Until government accepts the need to reform the procurement system then we’re just wasting our breath, says Martyn Evans

Martyn Evans index

At a gathering of the London Mayor’s Design Advisors recently, I sat in on a workshop about maintaining design quality. The debate centred on architect retention clauses in design and build contracts. There were clever people around our table who care passionately about how people should live, and the ideas flowed, but as I listened I realised that whatever they came up with in terms of ideas to implement the mayor’s policies to support good design, unless there is a fundamental shift in the way we procure design and then build, we are looking at a very long, slow, frustrating campaign that might never succeed.

The core issue is that those in control – the developers and their investors – in the main simply don’t care about the value of good design. They don’t have to. While demand in the volume housing market exceeds supply, everything housebuilders build will sell. That means there’s very little real competition and consequently no incentive to innovate or to tempt buyers with a better quality product.

This supplier-dominated marketplace also impacts on how developers procure professional services. Design is one of the main tools to create difference and market competitiveness, but in a market where this is irrelevant architects complain that they simply join a list of suppliers alongside lawyers, planning consultants and engineers, expendable when a contractor insists on their own designers to take a scheme through a design and build process. I’ve lost count of the conversations I’ve had with very unhappy architects whose clever, thoughtful schemes are butchered by contractors and their delivery architects sometimes to the point where they ask for their names to be removed from a scheme’s credits. As always, this is where the conversation around the mayor’s advisors’ table ended up. How do architects fight back when the power seems to be concentrated so heavily on the other side of the table?

I fear there is no answer unless something fundamental changes in the supply of housing, particularly in our cities. I’m not remotely happy writing something so defeatist, particularly when there is so much will on the designers’ side of the table to make really good, sustainable places. But I’m afraid it’s true. Until the government takes the housing crisis seriously and takes a different ideological position, we can talk all we like about how to build better relationships between developers and architects, how we can build compliance clauses into planning agreements (this, of course, relies on well-resourced, expert planning officers to give the compliance clause some teeth), and how we can help developers to understand the value and importance of great design.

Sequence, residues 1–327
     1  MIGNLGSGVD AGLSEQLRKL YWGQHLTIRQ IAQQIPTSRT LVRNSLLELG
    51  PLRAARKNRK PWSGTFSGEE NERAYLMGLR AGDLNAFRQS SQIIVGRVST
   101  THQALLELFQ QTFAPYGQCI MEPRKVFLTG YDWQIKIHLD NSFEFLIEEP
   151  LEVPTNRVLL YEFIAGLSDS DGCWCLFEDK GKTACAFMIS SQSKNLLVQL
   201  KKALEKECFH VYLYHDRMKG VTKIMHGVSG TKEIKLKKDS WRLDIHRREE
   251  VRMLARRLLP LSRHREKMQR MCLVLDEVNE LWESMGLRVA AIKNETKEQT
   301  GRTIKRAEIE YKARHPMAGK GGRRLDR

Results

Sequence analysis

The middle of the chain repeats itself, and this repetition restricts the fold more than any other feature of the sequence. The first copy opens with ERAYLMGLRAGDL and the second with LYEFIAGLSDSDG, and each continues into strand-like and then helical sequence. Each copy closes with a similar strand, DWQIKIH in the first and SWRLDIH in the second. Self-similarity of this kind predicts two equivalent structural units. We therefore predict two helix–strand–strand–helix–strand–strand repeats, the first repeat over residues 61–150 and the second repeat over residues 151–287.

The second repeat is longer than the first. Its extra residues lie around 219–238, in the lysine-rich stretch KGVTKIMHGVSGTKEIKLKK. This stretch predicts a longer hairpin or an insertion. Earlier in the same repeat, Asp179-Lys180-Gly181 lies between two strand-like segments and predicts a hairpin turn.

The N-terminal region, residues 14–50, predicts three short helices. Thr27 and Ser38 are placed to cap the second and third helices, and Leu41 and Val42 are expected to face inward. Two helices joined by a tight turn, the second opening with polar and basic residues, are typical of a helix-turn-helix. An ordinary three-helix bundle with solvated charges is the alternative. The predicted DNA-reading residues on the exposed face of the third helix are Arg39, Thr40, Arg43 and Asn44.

The supply of housing needs to go up. Significantly. And the right kind of housing. I drove down City Road in London this morning peering up at the growing cluster of towers just north of Old Street roundabout. I wondered how many of the apartments are occupied, and by whom. Where are those in most need being housed? Government policy that means social housing is only delivered as part of private sector speculative building means that volume housebuilders have yet more control over where and how we all live, even those who aren’t buying from them.

We need more social housing. And those who have the residents at the top of their list of priorities (local authorities, community land trust groups and housing associations) need to be building the most. We should accept private sector developers’ viability appraisals (particularly when local authority planners simply don’t have the resources to argue), build across-the-board overage clauses into planning agreements, require them to build enough social housing to create some kind of mixed element into larger developments and hand the balance of the cash to the public sector to build more.

So I’m calling on everyone in our industry to lobby government. RIBA, the raft of smaller professional organisations, local authorities, housing associations and every architects’ practice that cares. It’s going to take a mountain of pressure to deliver change, but it has to be done. Only then, in a market where developers need to work harder to sell what they build, can great design be recognised for the value it undoubtedly has to change people’s lives.